The university grew at a rapid rate throughout the 1960s, with three colleges and many other buildings on campus being completed by the end of the decade.[15] The 1970s saw further construction, but the university also encountered the biggest physical problem in its history.[16] The university had been built above a tunnel on the disused Canterbury and Whitstable Railway. In July 1974 the tunnel collapsed, damaging part of the Cornwallis Building, which sank nearly a metre within about an hour on the evening of 11 July.[17] Fortunately, the university had insurance against subsidence, so it was able to pay for the south-west corner of the building to be demolished and replaced by a new wing at the other end of the building.[18]

In 1982 the university opened the University Centre at Tonbridge (now the University of Kent at Tonbridge) for its School of Continuing Education, helping to enhance the availability of teaching across the county.[19]

In the 2000s the university entered a collaboration named Universities at Medway with the University of Greenwich, Mid Kent College and Canterbury Christ Church University to deliver university provision in the Medway area.[20] This led to the development of the University of Kent at Medway, opened from 2001. Initially based at Mid-Kent College, a new joint campus opened in 2004.[20] As a consequence of the expansion outside Canterbury the university's name was formally changed to the University of Kent on 1 April 2003.[20]

In 2007 the university was rebranded with a new logo and website. The logo was chosen following consultation with existing university students and those in sixth forms across the country.[21]

Coat of Arms

Kent Coat of Arms.jpg

The University of Kent's Coat of Arms was granted by the College of Arms in September 1967.[5] The white horse of Kent is taken from the arms of the County of Kent (and can also be seen on the Flag of Kent). The three Cornish Choughs, originally belonging to the arms of Thomas Becket, were taken from the arms of the City of Canterbury. The Crest depicts the West Gate of Canterbury with a symbolic flow of water, presumably the River Great Stour, below it. Two golden Bishops' Crosiers in the shape of a St. Andrews Cross are shown in front of it. The supporters - lions with the sterns of golden ships - are taken from the arms of the Cinque Ports.[22]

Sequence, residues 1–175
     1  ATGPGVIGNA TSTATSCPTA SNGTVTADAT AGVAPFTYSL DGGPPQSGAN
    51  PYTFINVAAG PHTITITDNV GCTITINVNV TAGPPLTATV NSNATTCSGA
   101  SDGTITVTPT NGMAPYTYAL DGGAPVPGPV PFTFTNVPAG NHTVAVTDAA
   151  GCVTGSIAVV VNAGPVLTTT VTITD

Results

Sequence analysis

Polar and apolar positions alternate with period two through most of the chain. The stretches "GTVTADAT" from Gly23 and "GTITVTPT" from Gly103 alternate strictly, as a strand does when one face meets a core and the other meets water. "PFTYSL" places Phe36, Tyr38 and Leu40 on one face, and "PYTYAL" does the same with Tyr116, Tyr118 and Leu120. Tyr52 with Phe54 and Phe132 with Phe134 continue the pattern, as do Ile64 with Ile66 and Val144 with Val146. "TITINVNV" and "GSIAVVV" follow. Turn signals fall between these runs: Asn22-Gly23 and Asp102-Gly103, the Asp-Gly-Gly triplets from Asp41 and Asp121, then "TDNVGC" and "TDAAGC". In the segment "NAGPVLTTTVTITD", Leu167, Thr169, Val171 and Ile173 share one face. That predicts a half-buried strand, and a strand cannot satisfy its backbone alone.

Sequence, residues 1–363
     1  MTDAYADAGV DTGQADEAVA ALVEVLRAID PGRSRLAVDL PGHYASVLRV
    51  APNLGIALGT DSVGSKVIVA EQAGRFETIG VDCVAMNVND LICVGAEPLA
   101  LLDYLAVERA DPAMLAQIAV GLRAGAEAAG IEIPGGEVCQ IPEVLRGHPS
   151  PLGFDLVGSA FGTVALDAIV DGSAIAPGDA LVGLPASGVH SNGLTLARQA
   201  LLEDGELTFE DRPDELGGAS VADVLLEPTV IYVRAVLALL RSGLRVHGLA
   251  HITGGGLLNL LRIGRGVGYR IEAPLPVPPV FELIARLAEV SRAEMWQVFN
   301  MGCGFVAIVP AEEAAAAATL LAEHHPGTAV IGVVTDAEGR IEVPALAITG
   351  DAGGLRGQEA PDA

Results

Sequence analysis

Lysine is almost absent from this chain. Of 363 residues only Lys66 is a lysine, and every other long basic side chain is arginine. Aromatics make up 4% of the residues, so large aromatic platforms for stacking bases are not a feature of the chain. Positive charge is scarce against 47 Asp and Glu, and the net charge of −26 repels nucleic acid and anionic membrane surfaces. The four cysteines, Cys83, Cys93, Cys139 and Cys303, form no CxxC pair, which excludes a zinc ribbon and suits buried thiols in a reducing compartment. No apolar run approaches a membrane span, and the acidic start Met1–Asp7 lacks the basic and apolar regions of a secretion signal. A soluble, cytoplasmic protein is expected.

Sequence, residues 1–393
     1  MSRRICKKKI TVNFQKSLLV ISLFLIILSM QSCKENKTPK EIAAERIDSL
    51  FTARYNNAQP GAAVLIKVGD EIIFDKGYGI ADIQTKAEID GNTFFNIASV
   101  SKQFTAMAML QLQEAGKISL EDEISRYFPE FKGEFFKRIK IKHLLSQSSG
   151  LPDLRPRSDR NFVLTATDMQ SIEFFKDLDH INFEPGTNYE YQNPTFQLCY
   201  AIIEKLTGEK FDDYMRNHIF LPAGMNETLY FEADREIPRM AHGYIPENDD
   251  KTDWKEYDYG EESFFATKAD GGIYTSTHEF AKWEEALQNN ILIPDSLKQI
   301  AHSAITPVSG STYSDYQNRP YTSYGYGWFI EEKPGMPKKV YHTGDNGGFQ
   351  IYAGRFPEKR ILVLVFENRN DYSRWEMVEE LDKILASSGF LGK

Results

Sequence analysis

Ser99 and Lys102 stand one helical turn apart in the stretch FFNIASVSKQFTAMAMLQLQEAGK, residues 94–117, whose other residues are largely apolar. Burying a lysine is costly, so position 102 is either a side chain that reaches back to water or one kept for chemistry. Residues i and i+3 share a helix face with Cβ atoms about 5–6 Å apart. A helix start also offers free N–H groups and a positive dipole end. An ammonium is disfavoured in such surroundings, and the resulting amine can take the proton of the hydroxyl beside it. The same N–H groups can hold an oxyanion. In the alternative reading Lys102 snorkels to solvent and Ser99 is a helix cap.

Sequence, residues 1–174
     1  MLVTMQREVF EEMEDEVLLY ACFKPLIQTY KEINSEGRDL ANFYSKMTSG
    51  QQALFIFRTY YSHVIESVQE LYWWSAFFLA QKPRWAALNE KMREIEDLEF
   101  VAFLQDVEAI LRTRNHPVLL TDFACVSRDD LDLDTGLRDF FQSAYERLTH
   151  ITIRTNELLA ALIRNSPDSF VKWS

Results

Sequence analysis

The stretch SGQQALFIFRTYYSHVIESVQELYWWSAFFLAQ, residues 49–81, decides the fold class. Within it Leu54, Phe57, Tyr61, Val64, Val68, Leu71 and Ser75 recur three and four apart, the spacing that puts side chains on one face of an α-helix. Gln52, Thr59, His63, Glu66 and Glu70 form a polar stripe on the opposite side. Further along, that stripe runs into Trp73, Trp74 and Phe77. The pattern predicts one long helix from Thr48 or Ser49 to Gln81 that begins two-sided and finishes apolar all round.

The Coat of Arms is now formally used only for degree certificates, degree programmes and some merchandise, as a result of the University seeking a consistent identity branding.[21]




The main Canterbury campus covers 300 acres (1.2 km²) and is in an elevated position just over two miles (3 km) from the city centre. It currently has approximately 11,000 full-time and 6,200 part-time students and some 600 academic and research staff.


Darwin Houses, a set of student housing next to Darwin College, surrounds a large rose garden

The university is now divided into five colleges, named after distinguished scholars. In chronological order of construction:

There was much discussion about the names adopted for most of the colleges with the following alternative names all in consideration at one point or another:

  • For Eliot: Caxton, after William Caxton
  • For Keynes: Richborough, a town in Kent; Anselm, a former Archbishop of Canterbury
  • For Darwin: Anselm (again); Attlee, after Clement Attlee, the post war Prime Minister; Becket, after Thomas Becket, another former Archbishop (this was the recommendation of the college's provisional committee but rejected by the Senate); Conrad; Elgar, after Edward Elgar; Maitland; Marlowe, after Christopher Marlowe; Russell, after Bertrand Russell (this was the recommendation of the Senate but rejected by the Council); Tyler, after both Wat Tyler and Tyler Hill on which the campus stands. The name for the College proved especially contentious and was eventually decided by a postal ballot of members of the Senate, choosing from: Attlee, Conrad, Darwin, Elgar, Maitland, Marlowe and Tyler.[24]

(Both Becket and Tyler were eventually used as the names for residential buildings on campuses and the building housing both the Architecture and Anthropology departments is named Marlowe.)